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Put 'em Up!: A Comprehensive Home Preserving Guide for the Creative Cook, from Drying and Freezing to Canning and Pickling Kindle Edition

188 customer reviews

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Length: 304 pages

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Editorial Reviews

Review

“Vinton appeals to the new food hipster by providing basic information and recipes for a variety of likely concoctions. She excels at boiling down information into easy prose, providing the reasons why certain steps are important, and anticipating the questions that a beginner might have. Her emphasis is on making food preservation possible and fun, with no fancy ingredients and few single-use gadgets.”
(San Francisco Book Review)

“Revive your grandmother’s tradition of home-preserving the season’s bounty with Put ‘Em Up!. This delicious guidebook will inspire you to pickle, jelly, and freeze like an old pro. From classic canning techniques to tips on freezing and even making hot pepper ristras, you’ll enjoy summer’s ripeness year-round. The author’s can-do writing style will surely empower you. Happy canning! ”
(Waterbury Republican-American)

“The author helps home canners take the fear out of the process by explaining each process with the aid of easy to follow illustrations and graphics, perfect for keeping first timers on track.”

Book Description

With simple step-by-step instructions and 175 delicious recipes, Put ‘em Up will have even the most timid beginners filling their pantries and freezers in no time! You’ll find complete how-to information for every kind of preserving: refrigerating, freezing, air- and oven-drying, cold- and hot-pack canning, and pickling. Recipes range from the contemporary and daring — Wasabi Beans, Cherry and Black Pepper Preserves, Pickled Fennel, Figs in Honey Syrup, Sweet Pepper Marmalade, Berry Bourbon, Salsa Verde — to the very best versions of tried-and-true favorites, including applesauce and apple butter, dried tomatoes, marinara sauce, bread and butter pickles, classic strawberry jam, and much, much more.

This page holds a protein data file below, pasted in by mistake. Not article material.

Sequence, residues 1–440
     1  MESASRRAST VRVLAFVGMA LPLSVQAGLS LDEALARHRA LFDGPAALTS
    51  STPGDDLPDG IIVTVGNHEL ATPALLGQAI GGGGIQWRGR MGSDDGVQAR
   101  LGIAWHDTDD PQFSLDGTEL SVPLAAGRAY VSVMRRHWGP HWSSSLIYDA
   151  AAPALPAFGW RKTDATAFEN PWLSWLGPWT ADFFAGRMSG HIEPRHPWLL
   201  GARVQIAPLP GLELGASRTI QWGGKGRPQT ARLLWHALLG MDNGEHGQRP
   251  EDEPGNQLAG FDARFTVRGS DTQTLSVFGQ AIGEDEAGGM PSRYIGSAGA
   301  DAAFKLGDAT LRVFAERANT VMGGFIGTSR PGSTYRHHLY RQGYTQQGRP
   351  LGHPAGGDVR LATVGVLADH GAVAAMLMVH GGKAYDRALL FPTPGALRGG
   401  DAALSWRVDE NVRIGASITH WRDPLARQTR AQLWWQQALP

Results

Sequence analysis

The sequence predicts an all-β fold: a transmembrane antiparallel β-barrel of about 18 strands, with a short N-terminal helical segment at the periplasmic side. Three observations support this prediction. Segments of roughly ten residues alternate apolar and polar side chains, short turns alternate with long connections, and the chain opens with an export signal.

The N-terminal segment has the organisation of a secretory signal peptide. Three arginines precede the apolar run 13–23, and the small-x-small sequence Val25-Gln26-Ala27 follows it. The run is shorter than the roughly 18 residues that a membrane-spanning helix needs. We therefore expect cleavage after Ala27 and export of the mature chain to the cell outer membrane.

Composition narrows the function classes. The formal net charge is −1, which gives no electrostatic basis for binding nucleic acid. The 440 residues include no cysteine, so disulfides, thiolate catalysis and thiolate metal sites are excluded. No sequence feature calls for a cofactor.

Product Details

  • File Size: 3348 KB
  • Print Length: 304 pages
  • Publisher: Storey Publishing, LLC (June 24, 2010)
  • Publication Date: June 24, 2010
  • Sold by: Amazon Digital Services, Inc.
  • Language: English
  • ASIN: B003Z9JICY
  • Text-to-Speech: Enabled
  • X-Ray:
  • Word Wise: Not Enabled
  • Lending: Enabled
  • Enhanced Typesetting: Not Enabled
  • Amazon Best Sellers Rank: #189,533 Paid in Kindle Store (See Top 100 Paid in Kindle Store)
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More About the Author

About Sherri
You might expect a food epiphany to strike in the kitchen, at the table, maybe in the market. For Sherri Brooks Vinton her 'aha' moment came on the back of a motorcycle. A cross-country tour brought her face-to-face with the negative impacts of industrial agriculture and compelled her to trade in her career as a dot .com executive to begin a quest for food raised with integrity.

Sherri's discussions and workshops on "how to reclaim the food chain" have been offered at a variety of venues across the country. She is honored to have been featured on a number of radio programs including WHYY's "A Chef's Table" and television programs such as "Living Fresh" on Discovery's Health Channel. Sherri is a frequent contributor to Edible Nutmeg. Her monthly newsletter, "Farm Friendly," is a resource of advice and recipes for anyone who wants to join this exciting food movement.

Sherri is a former Governor of Slow Food USA and is a member of Women Chefs and Restaurateurs, the Northeast Organic Farmers Association, International Association of Culinary Professionals, and Chefs Collaborative.

Sherri is currently touring with her new book, Put 'Em Up! which is an eater's guide to preserving the harvest. For more information about Sherri or to sign up for her newsletter, Farm Friendly, visit http://www.sherribrooksvinton.com

Customer Reviews

Most Helpful Customer Reviews

355 of 356 people found the following review helpful By Laurie Jarmer on July 23, 2010
Format: Paperback Verified Purchase
I have been canning for over 30 years and teach canning classes in the community. Part of my class is helping my students find a good canning book to use as a resource. I personally have many books and regularly check to see what's new out there. Then I pass on my top 4 or 5 favorites to my students in the class. After looking through 'Put em UP', reading the how to information, browsing through the recipes, and just the way the book is laid out and illustrated, I would definitely move this to a top choice for someone who needs information on canning. Everyone who wants to can (or preserve by any method) needs a good book or two. Even after 30 years of canning I still reread the basics every year, just to make sure I'm not forgetting some step. This book has great step-by-step instructions. One of my favorite things about the book is that it lists produce and then follows with ways to preserve that particular food and recipes. Most other canning books group things by kind, such as all jam & jelly recipes in one chapter and all pickles in another chapter, etc. Often when I bring home some kind of produce from a farmers' market or local farm, I've not decided for sure what I will do with it. By using this book, I can go to the section on say blueberries and look through my options, then decide how I want to preserve the berries. I'm also impressed with the knowledge and creativity the author shows in this book. Her recipes are wide and varied and I can see that many will become favorites in my home.